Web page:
16. Note, of course, that this may not reflect real-world situations where the translation utility of TUs may need to be measured. However, we believe opting for the “equal weights” scenario is justified for two reasons: (i) we wanted to avoid using several different evaluation metrics, so assigning equal weights is a good solution which guarantees a fair evaluation without returning “good” for each test item; and (ii) since we have different proportions of positive/negative instances in the test sets for each language pair, we decided to avoid data set-specific evaluation metrics biased to the characteristics of each test set. This strategy has the added advantage of obtaining results which are as comparable as possible across the different language-pair settings.

  17. The script that computes the baselines can be downloaded from http://rgcl.wlv.ac.uk/resources/NLP4TM2016/baselines.py.remove.

  18. The random forest classifier, similar to the extremely randomized trees, is an ensemble learning method that minimises overfitting by combining the output of multiple decision trees in a single class label. The two algorithms differ slightly in the way they split the trees: in a deterministic way in the case of random forest, and randomly in the case of extremely randomized trees.

  19. See Footnote 18.

  20. https://github.com/hlt-mt/TMOP.

  21. https://github.com/nayakt/TMCleaning.

  22. http://www.nltk.org/_modules/nltk/stem/snowball.html.

  23. https://github.com/danielvarga/hunalign.

  24. http://docs.translatehouse.org/projects/translate-toolkit/en/stable-1.14.0/commands/pofilter.html.

  25. https://hunspell.github.io/.

  26. https://languagetool.org/.

  27. For consistency between the binary tasks and the fine-grained task, the Averaged \(F_1\) score for the fine-grained task corresponds to macro-averaged \(F_1\) score. The macro average computes the average precision, recall or \(F_1\) score whereas the micro average first sums the true positives, true negatives, false positives and false negatives and only then computes the average precision, recall or \(F_1\) score. Due to space restrictions we cannot present all the measures computed to evaluate the performance of each system. For a more detailed presentation, the interested reader can consult the overview summary available at http://rgcl.wlv.ac.uk/wp-content/uploads/2016/05/results-1st-shared_task.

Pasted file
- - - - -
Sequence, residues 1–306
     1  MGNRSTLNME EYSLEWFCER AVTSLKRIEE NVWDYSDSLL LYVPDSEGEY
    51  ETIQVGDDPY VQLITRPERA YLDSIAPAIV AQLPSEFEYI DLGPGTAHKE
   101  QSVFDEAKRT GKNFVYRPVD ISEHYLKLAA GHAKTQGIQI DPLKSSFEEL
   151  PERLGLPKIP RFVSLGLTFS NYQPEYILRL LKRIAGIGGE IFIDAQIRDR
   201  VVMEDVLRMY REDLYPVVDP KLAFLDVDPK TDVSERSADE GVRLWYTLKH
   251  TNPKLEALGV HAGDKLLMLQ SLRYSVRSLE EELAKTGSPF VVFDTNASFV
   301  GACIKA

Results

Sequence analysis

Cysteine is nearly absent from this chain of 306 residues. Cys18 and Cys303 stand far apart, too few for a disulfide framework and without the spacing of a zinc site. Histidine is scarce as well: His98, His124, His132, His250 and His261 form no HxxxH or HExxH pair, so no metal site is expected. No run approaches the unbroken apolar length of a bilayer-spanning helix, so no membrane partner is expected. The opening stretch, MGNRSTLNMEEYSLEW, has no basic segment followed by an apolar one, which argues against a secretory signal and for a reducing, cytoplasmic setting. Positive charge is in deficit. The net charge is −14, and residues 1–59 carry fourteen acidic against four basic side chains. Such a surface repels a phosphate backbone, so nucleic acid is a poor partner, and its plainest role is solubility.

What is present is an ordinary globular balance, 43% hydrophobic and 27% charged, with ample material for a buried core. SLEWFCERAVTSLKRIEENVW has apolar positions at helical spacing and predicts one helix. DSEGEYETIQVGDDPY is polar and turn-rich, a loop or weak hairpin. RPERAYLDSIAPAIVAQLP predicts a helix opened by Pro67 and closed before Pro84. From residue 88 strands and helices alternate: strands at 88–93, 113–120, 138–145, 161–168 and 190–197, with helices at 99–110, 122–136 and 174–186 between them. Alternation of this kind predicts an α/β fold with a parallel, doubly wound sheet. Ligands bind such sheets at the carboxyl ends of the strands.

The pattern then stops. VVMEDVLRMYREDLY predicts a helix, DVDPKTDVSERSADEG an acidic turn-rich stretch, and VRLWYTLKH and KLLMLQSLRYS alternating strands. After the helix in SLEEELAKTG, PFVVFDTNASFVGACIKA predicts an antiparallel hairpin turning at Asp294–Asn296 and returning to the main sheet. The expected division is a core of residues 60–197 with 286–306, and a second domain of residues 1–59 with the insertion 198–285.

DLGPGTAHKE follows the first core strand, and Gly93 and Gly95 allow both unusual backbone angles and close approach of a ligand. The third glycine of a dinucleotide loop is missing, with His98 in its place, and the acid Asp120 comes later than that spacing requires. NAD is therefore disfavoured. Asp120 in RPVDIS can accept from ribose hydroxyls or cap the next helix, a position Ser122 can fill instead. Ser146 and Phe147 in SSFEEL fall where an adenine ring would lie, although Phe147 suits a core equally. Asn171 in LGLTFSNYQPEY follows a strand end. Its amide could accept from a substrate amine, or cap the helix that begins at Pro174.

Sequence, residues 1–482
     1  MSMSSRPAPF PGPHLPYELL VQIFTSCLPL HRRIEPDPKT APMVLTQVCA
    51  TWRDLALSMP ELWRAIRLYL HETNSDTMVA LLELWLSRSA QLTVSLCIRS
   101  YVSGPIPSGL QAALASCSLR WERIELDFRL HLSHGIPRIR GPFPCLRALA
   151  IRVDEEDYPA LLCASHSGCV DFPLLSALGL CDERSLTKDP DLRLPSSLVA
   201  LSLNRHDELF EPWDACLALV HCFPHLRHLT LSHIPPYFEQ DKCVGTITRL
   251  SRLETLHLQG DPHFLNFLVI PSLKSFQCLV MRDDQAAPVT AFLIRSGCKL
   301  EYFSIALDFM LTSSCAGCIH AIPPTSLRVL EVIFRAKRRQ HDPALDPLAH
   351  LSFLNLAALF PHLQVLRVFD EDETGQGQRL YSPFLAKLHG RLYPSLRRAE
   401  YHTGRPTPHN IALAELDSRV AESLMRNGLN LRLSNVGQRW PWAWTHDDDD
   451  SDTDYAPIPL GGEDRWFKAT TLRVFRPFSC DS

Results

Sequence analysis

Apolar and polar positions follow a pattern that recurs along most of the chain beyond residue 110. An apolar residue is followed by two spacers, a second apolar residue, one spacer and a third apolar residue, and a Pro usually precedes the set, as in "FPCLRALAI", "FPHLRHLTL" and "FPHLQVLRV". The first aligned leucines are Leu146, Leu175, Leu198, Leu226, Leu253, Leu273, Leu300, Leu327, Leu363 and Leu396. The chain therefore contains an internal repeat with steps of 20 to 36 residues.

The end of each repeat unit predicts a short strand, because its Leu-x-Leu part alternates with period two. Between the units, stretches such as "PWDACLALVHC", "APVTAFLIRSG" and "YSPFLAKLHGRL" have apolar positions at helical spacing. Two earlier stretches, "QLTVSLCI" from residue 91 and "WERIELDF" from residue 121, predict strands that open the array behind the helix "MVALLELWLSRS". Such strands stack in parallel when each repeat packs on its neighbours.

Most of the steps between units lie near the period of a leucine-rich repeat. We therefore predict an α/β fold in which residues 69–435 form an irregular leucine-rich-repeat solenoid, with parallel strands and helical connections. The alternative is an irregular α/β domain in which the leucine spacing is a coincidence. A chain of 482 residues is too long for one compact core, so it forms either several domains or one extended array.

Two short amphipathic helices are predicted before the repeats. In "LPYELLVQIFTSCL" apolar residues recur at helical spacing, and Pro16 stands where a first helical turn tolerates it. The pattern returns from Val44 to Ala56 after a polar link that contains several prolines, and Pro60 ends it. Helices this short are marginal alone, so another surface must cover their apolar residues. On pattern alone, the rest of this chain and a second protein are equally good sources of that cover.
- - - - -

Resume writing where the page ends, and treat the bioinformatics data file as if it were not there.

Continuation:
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Acknowledgements

The research reported in this paper is supported by the People Programme (Marie Curie Actions) of the European Union’s Framework Programme (FP7/2007-2013) under REA Grant Agreement No. 317471. Part of the work has been supported by the EC-funded project ModernMT (H2020 Grant Agreement No. 645487). We are grateful to Translated for giving us access to the MyMemory database. We would also like to thank the anonymous reviewers for their valuable feedback to improve this paper and for the ideas for future work they have provided us with. Last but not least, we want to thank the 6 annotators who annotated the data used in the shared task.

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Correspondence to Carla Parra Escartín.

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Barbu, E., Parra Escartín, C., Bentivogli, L. et al. The first Automatic Translation Memory Cleaning Shared Task. Machine Translation 30, 145–166 (2016). https://doi.org/10.1007/s10590-016-9183-x

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Keywords

  • Translation memories
  • Translation memory cleaning
  • Natural language processing